The Toxicity Of Mercury

Mercury is one of the most toxic elements known and has devastating effects on the neurological systems of humans and animals alike (Tchounwou et al., 2003; Selin 2009). The water-soluble form, the mercury(II) ion (Hg2+) is one of the most prevalent forms of mercury pollution.

Mercury tends to accumulate and become magnified in aquatic food chains (Clarkson et al., 2003; Leopold et al, 2010). As a result, fish and seafood consumption is one of the most important exposure routes for mercury (Al-Mughairi et al., 2013; Greenfield et al., 2013).

Mercury exposure damages a variety of human organs, like the brain and kidney and compromise immune, nervous, and endocrine systems (Clarkson et al., 2003; Nolan and Lippard 2008; de Souza and de Carvalho, 2009; Mutter et al., 2010; Mamdani and Vettese, 2013).

The National Health and Nutrition Examination Survey has found evidence that mercury levels were 4-fold higher in people who ate 3 or more servings of fish per month than in those who did not consume seafood (Schober et al., 2003). Fish that contain higher levels of mercury may harm an unborn baby or young child’s developing nervous system. The U.S. Food and Drug Administration and Environmental Protection Agency advise us that pregnant women, women of child-bearing age, nursing mothers, and young children must completely avoid certain fish and other seafood (Emily et al., 2002), especially shark, swordfish, king mackerel, and tilefish, that contain significantly high levels of mercury (FDA, 2014).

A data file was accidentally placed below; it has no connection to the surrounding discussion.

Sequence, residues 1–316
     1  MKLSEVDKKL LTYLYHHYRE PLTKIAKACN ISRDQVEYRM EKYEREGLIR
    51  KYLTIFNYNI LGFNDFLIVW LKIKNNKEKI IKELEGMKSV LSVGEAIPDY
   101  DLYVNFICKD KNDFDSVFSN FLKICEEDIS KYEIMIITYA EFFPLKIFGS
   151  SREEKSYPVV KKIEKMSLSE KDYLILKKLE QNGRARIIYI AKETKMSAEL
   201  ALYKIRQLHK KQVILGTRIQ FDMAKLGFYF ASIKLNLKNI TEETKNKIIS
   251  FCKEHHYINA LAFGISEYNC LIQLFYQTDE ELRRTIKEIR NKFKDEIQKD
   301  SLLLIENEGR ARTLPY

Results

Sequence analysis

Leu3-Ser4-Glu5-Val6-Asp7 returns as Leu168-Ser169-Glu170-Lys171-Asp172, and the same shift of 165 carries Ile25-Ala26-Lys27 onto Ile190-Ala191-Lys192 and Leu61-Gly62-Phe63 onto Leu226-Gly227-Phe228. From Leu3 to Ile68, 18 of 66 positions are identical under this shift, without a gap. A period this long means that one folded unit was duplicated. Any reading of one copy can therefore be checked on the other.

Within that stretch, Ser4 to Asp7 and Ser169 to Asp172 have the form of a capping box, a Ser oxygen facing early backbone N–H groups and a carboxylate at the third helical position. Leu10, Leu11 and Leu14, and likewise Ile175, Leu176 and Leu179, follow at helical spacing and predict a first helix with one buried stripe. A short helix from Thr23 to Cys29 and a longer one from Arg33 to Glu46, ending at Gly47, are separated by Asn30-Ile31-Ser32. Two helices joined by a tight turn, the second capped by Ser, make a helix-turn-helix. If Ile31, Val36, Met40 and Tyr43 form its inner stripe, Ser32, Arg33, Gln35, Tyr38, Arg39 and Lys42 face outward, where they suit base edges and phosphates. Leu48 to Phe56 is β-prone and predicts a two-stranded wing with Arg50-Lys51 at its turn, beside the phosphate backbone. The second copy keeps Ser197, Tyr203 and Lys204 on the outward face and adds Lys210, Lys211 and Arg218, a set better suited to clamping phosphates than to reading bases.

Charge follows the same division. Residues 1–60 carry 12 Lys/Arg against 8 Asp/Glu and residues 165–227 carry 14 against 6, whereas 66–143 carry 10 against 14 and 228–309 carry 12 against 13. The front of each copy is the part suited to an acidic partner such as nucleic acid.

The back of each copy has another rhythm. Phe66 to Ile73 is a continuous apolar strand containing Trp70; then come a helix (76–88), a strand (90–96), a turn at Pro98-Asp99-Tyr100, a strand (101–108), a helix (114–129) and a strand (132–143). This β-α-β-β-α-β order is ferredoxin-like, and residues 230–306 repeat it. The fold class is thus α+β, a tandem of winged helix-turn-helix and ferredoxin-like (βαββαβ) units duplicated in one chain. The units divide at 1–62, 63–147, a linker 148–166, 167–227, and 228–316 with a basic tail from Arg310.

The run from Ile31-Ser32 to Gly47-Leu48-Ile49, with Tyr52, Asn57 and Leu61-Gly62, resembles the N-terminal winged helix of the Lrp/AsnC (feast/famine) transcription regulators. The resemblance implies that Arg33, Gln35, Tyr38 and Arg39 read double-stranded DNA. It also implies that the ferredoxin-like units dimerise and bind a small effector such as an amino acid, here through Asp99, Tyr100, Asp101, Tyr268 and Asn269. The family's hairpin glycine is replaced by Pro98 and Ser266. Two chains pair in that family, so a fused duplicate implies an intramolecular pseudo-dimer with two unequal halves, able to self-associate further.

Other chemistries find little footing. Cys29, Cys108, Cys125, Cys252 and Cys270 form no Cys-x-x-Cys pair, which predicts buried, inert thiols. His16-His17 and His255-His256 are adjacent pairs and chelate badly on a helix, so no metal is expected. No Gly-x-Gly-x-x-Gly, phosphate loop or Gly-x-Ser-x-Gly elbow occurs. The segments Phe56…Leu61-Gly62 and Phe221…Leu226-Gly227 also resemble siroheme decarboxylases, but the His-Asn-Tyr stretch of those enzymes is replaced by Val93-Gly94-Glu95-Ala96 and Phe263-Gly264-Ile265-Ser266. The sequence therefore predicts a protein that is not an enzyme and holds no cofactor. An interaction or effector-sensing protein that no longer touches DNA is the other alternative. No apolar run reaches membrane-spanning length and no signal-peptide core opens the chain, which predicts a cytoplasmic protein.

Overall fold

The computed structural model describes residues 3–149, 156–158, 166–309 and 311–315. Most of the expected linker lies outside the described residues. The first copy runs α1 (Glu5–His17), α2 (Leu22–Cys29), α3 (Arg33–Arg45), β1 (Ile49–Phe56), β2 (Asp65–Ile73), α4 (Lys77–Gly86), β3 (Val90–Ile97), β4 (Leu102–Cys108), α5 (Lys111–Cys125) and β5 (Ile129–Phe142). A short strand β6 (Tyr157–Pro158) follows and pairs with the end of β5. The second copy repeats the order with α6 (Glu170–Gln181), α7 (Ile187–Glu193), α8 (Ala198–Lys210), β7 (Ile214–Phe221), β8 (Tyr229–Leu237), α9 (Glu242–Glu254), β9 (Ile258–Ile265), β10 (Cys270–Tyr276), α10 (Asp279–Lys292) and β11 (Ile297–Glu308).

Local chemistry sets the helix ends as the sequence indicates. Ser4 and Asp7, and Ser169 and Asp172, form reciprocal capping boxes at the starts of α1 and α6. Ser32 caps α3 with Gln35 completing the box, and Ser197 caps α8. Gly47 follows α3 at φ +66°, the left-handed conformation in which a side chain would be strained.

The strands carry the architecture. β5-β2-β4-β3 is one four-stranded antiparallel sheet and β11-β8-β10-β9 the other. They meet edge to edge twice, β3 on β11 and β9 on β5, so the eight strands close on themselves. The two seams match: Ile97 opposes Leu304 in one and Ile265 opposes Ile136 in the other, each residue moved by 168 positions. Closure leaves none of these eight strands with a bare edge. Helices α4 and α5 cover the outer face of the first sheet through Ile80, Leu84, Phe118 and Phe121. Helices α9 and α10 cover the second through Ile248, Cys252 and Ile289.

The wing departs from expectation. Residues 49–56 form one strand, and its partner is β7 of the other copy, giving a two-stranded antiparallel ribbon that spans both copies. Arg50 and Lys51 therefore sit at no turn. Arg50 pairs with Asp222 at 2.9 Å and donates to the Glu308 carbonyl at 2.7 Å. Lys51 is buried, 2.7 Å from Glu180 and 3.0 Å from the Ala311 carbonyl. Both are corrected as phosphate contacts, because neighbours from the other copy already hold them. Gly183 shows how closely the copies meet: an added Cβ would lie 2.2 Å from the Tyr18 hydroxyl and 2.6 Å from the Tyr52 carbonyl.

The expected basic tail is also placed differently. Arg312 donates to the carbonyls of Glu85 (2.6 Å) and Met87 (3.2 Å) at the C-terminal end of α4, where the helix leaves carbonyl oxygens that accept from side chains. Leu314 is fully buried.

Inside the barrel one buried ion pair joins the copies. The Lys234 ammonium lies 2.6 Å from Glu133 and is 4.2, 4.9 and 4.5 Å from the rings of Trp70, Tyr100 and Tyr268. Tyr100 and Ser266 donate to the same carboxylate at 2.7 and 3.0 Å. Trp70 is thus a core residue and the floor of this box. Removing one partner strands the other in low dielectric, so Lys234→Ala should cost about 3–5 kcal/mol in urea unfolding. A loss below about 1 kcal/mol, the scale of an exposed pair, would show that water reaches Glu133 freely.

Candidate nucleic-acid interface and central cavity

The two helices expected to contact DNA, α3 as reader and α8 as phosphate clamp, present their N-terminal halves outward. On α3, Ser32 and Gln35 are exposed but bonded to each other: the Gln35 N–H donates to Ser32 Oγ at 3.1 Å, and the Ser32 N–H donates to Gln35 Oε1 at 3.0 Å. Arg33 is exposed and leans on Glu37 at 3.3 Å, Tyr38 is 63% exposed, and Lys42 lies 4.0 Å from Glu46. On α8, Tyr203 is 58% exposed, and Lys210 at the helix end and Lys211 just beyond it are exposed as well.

The European Union has set maximum residual limits for total mercury in fish and seafood and most fish processors routinely monitor their seafood for contamination (Maggi et al., 2009) before exporting to this economic region. The Food and Agriculture Organization/World Health organization (FAO/WHO) jointly introduced provisional tolerable intake levels on a weekly basis (PTWI) in several food matrices for total mercury and methylmercury at 5.0 and 1.6 μg/kg/week, respectively over 15 years ago (WHO, 2003). Several nations such as the USA (Lange et al., 1994), the UK (Collings et al., 1996), Australia (Denton and Burdon-Jones, 1996), India (Sivaperumal et al., 2007), and Oman (Al-Busaidi et al., 2011) have recommended a maximum level of 0.5 mg Hg/kg in fish tissue.

The measurement and quantification of mercury ions in contaminated samples is measured nowadays by inductively coupled plasma mass spectrometry (Ugo et al., 2001), high-performance liquid chromatography (HPLC) (Balarama Krishna et al., 2007), atomic absorption spectrometry (Hsu et al., 2011), and electrochemical techniques (Zhu et al., 2009).

These methods offer excellent sensitivity, but their major drawbacks are high cost with complex and time-consuming test protocols. There is a need for development of a simple, rapid, economical, and sensitive method for mercury detection for detecting mercury ions in food and environmental samples (Male et al., 2013; Mansour, 2014; Yasri et al., 2014).

References

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Zhu, Z., Su, Y., Li, J., Li, D., Zhang, J., Song, S., Zhao, Y., Li, G., Fan, C. (2009) Highly sensitive electrochemical sensor for mercury(II) ions by using a mercury-specific oligonucleotide probe and gold nanoparticle-based amplification. Anal. Chem. 81(18): pp. 7660–6.

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